London: Jonathan Cape, 1950. 1st UK Edition. Octavo, publisher's teal cloth, spine stamped in red and silver, upper board stamped in red, original illustrated dust jacket.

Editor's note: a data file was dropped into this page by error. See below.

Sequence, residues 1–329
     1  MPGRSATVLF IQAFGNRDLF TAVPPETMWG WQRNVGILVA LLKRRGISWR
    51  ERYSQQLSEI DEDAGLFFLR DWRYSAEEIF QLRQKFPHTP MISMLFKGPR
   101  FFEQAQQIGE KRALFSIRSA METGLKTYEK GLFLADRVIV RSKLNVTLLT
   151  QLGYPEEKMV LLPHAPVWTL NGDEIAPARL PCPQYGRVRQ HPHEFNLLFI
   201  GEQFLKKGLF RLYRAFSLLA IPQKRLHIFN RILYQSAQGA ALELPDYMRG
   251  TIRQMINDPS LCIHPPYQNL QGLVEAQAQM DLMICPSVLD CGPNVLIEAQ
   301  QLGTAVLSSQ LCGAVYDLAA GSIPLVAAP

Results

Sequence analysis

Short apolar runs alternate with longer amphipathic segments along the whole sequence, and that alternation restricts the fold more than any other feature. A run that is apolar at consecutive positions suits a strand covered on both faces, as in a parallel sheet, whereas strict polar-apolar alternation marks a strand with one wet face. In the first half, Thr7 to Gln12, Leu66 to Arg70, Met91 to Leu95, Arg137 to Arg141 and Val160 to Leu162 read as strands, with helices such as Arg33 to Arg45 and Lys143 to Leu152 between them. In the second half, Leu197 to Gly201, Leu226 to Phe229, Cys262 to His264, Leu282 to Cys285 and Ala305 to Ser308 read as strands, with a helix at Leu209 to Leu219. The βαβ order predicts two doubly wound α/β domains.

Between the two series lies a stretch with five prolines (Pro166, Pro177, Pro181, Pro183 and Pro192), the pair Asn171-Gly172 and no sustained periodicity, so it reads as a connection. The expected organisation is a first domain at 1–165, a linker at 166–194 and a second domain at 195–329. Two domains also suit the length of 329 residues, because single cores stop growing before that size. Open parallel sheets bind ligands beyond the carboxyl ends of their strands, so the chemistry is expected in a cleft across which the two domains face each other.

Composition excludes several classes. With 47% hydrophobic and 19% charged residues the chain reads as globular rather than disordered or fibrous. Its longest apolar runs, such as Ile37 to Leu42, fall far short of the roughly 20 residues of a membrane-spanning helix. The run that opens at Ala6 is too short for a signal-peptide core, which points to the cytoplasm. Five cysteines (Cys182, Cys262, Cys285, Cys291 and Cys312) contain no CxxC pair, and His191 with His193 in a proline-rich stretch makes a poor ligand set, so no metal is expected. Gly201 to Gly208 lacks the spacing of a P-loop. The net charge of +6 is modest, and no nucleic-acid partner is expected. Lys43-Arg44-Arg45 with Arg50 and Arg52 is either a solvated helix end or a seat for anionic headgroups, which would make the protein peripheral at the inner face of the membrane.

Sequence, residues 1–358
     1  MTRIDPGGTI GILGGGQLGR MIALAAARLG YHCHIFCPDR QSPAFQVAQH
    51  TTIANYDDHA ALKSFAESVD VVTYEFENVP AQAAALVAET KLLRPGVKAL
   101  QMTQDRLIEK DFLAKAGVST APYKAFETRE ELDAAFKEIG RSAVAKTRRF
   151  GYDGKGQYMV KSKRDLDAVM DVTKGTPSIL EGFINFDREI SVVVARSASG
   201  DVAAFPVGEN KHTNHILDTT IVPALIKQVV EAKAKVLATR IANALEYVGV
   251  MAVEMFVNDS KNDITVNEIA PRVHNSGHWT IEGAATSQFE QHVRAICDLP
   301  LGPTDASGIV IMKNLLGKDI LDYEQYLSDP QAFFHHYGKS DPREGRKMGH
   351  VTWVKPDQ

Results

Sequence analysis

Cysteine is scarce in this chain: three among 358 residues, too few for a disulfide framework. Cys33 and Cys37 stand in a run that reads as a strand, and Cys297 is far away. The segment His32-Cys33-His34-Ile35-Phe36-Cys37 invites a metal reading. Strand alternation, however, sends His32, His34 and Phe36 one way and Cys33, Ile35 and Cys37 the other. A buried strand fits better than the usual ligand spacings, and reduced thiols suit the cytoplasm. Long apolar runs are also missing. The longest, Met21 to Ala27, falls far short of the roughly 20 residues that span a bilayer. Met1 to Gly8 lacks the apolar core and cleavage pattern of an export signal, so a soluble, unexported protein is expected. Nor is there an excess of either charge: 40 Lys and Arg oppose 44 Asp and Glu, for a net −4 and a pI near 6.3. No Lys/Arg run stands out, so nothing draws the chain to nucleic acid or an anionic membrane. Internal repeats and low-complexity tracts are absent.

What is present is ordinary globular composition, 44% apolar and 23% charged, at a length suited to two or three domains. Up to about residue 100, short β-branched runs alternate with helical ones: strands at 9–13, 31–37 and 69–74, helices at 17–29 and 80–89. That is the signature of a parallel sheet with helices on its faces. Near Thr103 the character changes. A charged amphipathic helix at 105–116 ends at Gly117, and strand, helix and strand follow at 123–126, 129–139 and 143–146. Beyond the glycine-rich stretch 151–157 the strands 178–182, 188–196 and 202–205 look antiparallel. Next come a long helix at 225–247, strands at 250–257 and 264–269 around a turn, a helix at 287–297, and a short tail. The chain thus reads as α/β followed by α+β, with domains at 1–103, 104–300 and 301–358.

"I would take anything I love and throw it off the highest cliff you ever saw and not wait to hear it bounce." First edition of this contender for Hemingway's worst book, in what is probably his most attractive dust jacket, designed by German artist Hans Tisdall. The novel, a US Army colonel's extended flashback on his service in Italy during the wars, and his romantic relationship with a young Venetian countess, constitutes a symbolic meditation on decline, as well as Hemingway's own coming to terms with encroaching mortality and the death of many of his friends. Tennessee Williams, in his adulatory review in the New York Times, was prophetic when he said, "It will probably be a popular book. The critics may treat it pretty roughly." Published after a ten-year dry spell (For Whom the Bell Tolls was the last book he published prior to it, in 1940), Across the River was Hemingway's only novel to reach number one on the bestseller list, presumably due in part to being so long-awaited. Meanwhile, it received dozens of negative reviews, with critics dunking on everything from the writing to the plot to the more cringey autobiographical elements. With regard to the latter, the character of Renata, the Venetian countess, was modeled on Adriana Ivancich, whom Hemingway met in Italy and became infatuated with, pursuing an extended albeit platonic relationship, to the chagrin of his fourth wife, Mary. Ivancich, a poet who later wrote a memoir of her friendship with Hemingway, did the illustration for the dust jacket to the Charles Scribner's first US edition of the novel, as well as to Hemingway's next book, The Old Man and the Sea. The British first edition here, which preceded the US edition by several days, featured different art, however, of a Venetian gondola under the moon and stars, done by Tisdall, a German textile and book designer in London. (As the inhouse designer for Jonathan Cape in the 50s, his art also stood in for Ivancich's on the UK Old Man and the Sea.) Corners gently bumped, light toning to board edges; price-clipped dust jacket with some chipping to spine-ends and rubbing and wear to edges. Very good. Item #4830